Christmas came early for the Cordova-based Oil Spill Recovery Institute (OSRI) when a provision to increase OSRI’s funding base was signed into law last December. It took more than six years of persistent work but the payoff will benefit oil spill research for decades to come.
Established by Congress in 1990, a year after the Exxon Valdez oil spill, OSRI is the only U.S.-based research organization focused solely on cold water oil spills. In recent years, its annual revenues declined from about $1 million to a low in 2010 of only $225,000. In 2006, OSRI staff began discussions with Alaska’s Congressional delegation to develop the legislation just passed. Senators Mark Begich and Lisa Murkowski were particularly instrumental in garnering support for its adoption.
“The OSRI funding fix was a major win for Alaska in my 2012 Coast Guard Bill,” said Senator Begich. “It makes up for losses due to inflation over the years and ensures needed research into oil spill prevention and response will continue without taking money from other programs. That research is essential,” he added, “as we look to expand oil production in the Arctic and elsewhere, and are prepared for increases in marine shipping we’re seeing through our waters.”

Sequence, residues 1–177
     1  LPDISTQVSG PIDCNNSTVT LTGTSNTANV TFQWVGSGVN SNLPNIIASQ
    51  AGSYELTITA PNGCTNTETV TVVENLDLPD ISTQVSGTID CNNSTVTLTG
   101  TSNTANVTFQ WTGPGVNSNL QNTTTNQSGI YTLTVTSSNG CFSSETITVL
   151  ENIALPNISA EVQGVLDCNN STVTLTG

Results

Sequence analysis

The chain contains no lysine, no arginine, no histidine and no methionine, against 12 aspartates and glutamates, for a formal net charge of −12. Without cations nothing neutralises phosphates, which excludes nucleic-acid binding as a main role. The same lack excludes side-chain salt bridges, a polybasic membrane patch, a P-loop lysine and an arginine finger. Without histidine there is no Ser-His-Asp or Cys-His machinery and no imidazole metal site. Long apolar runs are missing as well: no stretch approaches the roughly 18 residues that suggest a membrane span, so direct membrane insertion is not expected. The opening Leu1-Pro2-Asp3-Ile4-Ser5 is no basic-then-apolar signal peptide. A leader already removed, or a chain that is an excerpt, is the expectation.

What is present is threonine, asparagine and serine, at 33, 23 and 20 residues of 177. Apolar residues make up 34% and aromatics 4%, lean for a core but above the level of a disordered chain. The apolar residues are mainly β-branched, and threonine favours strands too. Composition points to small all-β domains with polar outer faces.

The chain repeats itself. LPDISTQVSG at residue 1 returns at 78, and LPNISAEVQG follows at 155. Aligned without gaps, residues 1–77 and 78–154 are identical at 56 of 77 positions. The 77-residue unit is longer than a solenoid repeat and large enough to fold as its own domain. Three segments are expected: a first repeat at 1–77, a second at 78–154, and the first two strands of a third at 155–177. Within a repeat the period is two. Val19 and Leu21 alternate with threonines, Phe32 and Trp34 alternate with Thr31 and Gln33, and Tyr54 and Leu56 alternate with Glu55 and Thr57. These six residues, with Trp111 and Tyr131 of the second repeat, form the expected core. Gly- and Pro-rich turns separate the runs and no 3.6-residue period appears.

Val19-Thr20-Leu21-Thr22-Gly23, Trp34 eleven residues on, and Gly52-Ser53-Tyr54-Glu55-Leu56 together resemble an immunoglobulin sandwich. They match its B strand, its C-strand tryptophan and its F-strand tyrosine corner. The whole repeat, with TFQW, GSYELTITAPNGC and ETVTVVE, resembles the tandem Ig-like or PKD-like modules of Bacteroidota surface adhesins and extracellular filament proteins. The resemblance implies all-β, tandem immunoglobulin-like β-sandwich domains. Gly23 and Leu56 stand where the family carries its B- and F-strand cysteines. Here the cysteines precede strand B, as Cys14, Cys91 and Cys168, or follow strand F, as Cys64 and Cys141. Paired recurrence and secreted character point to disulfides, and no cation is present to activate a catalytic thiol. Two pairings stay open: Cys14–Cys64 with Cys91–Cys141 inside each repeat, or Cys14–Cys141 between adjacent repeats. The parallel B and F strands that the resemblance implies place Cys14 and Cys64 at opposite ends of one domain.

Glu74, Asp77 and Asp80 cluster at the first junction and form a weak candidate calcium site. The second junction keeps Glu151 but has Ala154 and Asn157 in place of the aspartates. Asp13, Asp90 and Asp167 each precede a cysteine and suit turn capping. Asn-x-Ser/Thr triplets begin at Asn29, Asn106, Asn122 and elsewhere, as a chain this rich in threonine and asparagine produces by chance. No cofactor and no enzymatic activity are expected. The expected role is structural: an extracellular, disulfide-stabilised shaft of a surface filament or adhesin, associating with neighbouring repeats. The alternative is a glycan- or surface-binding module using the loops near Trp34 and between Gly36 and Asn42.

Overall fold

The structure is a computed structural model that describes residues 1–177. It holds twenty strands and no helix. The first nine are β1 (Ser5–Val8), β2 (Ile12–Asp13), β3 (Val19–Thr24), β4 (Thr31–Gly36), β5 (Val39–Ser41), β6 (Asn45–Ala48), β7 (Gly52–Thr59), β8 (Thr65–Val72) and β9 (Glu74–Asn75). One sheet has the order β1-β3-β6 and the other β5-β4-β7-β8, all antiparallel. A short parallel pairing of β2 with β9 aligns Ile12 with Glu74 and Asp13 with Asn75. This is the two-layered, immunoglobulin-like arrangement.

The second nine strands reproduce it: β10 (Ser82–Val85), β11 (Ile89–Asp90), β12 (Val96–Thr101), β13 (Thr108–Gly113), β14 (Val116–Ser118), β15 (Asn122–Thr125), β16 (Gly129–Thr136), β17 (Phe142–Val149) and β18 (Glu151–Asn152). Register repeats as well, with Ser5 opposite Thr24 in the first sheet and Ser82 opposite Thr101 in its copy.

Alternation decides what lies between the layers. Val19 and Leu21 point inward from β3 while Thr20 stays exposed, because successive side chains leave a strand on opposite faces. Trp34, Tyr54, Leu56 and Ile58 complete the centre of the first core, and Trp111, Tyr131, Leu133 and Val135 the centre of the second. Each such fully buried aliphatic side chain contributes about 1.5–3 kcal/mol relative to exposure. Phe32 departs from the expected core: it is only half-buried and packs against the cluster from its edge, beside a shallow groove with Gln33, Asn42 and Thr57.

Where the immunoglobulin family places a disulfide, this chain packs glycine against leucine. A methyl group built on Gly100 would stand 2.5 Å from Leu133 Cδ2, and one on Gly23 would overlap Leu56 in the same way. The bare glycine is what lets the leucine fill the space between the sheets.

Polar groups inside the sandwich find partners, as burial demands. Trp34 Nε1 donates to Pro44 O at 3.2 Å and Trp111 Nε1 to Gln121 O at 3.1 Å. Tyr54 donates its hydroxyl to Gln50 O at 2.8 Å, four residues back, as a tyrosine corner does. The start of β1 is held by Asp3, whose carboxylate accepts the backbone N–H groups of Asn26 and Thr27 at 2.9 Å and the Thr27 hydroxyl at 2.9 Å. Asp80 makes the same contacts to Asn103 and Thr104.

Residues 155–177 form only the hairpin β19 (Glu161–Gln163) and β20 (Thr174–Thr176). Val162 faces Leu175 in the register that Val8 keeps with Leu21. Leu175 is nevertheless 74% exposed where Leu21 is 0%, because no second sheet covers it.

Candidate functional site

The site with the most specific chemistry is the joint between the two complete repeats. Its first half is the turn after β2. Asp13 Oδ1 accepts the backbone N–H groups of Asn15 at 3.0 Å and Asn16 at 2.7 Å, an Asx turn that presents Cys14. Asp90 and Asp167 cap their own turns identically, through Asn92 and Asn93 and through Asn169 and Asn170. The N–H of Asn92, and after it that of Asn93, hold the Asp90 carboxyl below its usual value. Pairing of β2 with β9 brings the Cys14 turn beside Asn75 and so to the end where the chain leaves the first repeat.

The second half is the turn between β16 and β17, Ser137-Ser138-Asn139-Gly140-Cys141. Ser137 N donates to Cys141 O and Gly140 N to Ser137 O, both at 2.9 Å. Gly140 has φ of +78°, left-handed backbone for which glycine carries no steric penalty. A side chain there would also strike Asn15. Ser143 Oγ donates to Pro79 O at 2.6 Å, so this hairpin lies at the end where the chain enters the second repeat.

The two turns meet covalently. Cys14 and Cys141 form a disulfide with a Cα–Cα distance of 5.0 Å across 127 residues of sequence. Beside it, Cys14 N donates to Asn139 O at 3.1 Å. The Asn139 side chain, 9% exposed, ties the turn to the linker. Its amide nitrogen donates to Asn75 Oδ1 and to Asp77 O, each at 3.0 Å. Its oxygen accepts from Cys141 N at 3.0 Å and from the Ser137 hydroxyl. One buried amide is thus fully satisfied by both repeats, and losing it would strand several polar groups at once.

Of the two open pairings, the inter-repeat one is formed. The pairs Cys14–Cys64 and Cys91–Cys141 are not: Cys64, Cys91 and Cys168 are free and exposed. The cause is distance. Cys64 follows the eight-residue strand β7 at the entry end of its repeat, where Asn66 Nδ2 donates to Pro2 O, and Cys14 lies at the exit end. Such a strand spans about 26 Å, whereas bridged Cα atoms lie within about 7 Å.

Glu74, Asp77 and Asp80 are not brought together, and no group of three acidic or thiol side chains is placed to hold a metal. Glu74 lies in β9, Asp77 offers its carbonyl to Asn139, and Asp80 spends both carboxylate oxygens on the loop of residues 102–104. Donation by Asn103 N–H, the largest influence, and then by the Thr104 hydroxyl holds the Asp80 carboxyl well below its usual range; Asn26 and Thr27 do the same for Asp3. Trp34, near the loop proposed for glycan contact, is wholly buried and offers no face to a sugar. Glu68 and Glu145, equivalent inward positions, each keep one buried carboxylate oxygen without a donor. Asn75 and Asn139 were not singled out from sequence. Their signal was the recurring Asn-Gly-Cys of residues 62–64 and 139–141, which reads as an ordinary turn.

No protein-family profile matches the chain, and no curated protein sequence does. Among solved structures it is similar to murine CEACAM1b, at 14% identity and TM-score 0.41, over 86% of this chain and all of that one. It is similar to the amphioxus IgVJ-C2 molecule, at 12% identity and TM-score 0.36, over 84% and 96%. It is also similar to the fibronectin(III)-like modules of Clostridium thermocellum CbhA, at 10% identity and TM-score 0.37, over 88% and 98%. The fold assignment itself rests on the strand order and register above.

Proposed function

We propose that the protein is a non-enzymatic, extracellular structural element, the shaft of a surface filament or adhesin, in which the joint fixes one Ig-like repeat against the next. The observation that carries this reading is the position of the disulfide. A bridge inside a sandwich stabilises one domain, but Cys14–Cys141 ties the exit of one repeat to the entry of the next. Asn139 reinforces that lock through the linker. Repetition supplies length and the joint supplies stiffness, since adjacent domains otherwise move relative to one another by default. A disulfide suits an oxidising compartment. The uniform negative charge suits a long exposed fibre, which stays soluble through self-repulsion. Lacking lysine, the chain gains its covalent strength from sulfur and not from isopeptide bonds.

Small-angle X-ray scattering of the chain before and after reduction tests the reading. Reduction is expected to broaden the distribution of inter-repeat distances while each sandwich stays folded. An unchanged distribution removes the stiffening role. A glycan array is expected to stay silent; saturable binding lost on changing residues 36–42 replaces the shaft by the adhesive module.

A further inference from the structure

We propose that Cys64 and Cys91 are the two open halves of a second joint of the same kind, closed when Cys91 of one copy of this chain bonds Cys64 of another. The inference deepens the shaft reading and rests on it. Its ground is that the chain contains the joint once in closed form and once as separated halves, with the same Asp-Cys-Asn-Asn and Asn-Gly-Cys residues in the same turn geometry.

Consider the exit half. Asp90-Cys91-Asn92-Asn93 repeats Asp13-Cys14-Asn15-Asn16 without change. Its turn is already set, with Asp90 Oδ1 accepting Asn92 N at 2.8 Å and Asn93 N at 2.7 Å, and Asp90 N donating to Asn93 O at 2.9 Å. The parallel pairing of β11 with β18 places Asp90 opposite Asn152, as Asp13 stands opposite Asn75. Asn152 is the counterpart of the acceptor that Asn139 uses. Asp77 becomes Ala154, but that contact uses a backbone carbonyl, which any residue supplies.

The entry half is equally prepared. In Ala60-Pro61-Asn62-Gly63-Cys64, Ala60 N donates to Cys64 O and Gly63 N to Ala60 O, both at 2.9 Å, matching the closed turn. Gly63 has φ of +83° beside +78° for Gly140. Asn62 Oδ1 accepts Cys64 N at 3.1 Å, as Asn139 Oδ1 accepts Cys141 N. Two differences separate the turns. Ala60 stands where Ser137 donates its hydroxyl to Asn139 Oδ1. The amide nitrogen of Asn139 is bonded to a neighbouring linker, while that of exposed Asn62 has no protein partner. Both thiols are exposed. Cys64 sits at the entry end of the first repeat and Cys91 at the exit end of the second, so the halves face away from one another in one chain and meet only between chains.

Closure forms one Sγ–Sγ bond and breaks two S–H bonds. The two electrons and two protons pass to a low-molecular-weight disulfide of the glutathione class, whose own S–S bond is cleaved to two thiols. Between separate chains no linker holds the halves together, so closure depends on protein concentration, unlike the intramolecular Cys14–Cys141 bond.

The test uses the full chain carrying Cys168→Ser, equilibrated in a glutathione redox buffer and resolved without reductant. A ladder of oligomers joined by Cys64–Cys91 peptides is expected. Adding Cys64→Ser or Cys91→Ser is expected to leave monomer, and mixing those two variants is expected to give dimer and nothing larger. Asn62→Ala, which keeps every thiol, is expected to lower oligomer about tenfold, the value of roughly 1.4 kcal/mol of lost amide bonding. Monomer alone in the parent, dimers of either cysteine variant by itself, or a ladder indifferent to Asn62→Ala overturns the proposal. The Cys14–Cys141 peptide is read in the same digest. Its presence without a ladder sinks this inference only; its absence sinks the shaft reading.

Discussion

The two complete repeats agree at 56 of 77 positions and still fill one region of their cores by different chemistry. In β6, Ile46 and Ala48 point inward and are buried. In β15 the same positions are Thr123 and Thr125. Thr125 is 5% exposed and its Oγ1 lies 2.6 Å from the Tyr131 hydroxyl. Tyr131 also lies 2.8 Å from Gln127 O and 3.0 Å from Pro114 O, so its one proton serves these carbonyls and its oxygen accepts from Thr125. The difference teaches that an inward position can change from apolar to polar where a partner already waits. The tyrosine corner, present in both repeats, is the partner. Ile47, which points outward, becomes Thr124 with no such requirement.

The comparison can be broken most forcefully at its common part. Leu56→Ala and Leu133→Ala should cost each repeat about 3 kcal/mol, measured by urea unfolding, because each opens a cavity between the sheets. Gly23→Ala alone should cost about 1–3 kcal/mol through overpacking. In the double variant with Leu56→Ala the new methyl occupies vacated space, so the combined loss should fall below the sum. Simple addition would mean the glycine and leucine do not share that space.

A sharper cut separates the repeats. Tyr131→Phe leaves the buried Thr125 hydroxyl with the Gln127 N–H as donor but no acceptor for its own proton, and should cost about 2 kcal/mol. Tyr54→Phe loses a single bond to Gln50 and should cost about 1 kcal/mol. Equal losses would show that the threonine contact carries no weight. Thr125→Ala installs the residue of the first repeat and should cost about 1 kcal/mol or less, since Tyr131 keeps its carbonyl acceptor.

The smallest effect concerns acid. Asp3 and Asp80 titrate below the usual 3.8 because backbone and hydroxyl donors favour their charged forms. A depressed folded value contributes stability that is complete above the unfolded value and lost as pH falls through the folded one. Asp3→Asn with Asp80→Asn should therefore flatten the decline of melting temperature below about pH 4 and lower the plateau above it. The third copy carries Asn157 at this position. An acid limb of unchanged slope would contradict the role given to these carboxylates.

According to Scott Pegau, OSRI Research Program Manager, it was only because of savings from earlier year revenues that OSRI was able to afford about $600,000 in annual program grants during the low revenue years. “The OSRI Board started reducing its spending four years ago,” Pegau said, “and we had a plan for further reductions had this legislation not been approved.”
OSRI Executive Director Katrina Hoffman is also President of the Prince William Sound Science Center, the administrator for the OSRI program. “The legislation’s passage means $12.8 million will be added to the original $22.5 million principal set aside (by 1996 legislation) to support OSRI programs,” explained Hoffman. “That principle is maintained within the $3 billion National Oil Spill Liability Trust Fund; OSRI receives the interest earnings annually from the OSRI principal, which now totals $35 million. That should result in almost a 50-percent increase in the yearly revenue available to support our programs.”